Are too many students going to college?
by Walter E. Williams
Too much of anything is just as much a misallocation of resources as it is too little, and that applies to higher education just as it applies to everything else. A recent study from The Center for College Affordability and Productivity titled “From Wall Street to Wal-Mart,” by Richard Vedder, Christopher Denhart, Matthew Denhart, Christopher Matgouranis and Jonathan Robe, explains that college education for many is a waste of time and money. More than one-third of currently working college graduates are in jobs that do not require a degree. An essay by Vedder that complements the CCAP study reports that there are “one-third of a million waiters and waitresses with college degrees.” The study says Vedder — distinguished professor of economics at Ohio University, an adjunct scholar at the American Enterprise Institute and director of CCAP — “was startled a year ago when the person he hired to cut down a tree had a master’s degree in history, the fellow who fixed his furnace was a mathematics graduate, and, more recently, a TSA airport inspector (whose job it was to ensure that we took our shoes off while going through security) was a recent college graduate.”
The nation’s college problem is far deeper than Continue reading “Too Much Higher Education”
How do you get the most out of college?
by Brian Strow (Western Kentucky)
A flourishing life is not one dimensional. It involves the search for truth and a striving for self-awareness/ self-improvement. It requires the development of one’s mind, body, and soul. A flourishing life requires faith, exudes hope, and shows love to others. It also requires a broadly defined definition of education.
Self-improvement should be a lifelong passion. Universities and colleges offer a unique development opportunity where students are enabled, and encouraged, to embrace their flourishing in a meaningful way. Universities and colleges are not meant to produce perfect graduates, but rather people who are better equipped to pursue their view of a flourishing life. Too often students obtain their degree without actually Continue reading “For Love AND Money”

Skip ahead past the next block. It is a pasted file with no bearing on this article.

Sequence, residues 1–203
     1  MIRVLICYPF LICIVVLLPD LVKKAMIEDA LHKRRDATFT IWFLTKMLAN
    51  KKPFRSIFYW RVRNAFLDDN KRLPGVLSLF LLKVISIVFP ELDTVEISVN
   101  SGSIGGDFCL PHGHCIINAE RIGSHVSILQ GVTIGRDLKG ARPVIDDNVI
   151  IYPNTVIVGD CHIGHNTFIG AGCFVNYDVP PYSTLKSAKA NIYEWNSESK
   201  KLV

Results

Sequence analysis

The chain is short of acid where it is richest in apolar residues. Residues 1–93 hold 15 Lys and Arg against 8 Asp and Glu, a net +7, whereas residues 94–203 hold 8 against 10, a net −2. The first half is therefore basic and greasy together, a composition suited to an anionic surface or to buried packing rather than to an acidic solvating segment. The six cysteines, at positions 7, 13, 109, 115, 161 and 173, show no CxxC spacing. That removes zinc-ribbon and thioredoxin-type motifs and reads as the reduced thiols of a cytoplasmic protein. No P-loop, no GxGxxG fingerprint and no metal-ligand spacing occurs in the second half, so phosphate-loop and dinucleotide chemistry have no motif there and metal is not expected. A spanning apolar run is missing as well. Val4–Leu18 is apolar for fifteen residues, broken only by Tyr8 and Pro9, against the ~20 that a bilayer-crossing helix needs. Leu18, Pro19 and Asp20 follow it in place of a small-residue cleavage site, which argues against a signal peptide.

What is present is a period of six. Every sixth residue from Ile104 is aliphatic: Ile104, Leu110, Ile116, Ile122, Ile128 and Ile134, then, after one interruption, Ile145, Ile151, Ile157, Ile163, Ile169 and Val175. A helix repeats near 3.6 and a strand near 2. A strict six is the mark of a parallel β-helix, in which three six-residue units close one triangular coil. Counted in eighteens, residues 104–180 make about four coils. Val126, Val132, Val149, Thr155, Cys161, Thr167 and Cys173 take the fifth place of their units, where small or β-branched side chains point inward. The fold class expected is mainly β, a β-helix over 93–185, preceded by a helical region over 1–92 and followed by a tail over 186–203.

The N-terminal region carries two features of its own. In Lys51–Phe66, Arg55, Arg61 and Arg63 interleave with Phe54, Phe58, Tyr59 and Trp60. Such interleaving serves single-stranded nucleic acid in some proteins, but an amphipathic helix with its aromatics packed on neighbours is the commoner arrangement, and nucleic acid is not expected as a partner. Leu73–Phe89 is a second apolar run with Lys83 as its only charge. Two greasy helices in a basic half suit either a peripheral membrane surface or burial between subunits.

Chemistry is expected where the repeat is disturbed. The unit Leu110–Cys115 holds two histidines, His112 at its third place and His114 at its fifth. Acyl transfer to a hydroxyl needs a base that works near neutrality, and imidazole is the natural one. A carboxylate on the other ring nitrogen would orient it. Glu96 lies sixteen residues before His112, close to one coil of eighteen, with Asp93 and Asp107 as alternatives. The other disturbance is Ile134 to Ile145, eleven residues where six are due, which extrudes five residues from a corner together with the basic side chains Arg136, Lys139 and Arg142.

Where is higher education headed?
By Robert E. Martin (Centre College)
Surveys reveal that the public believes a college education is essential but too expensive. People feel squeezed between the cost and the necessity. At the same time, public colleges complain thatthey are being squeezed by declining state support and increasing pressure to educate larger numbers of less-prepared students.
Yet society has provided higher education with a river of new real revenues over the past several decades. Since nonprofit institutions of higher education follow a balanced-budget model, expenditures are capped by revenues. Therefore the real cost per student cannot increase without a corresponding increase in real revenues. So the problem has not been too little revenue.
Nevertheless, college affordability has Continue reading “Colleges Cost Too Much Because Faculty Lacks Power”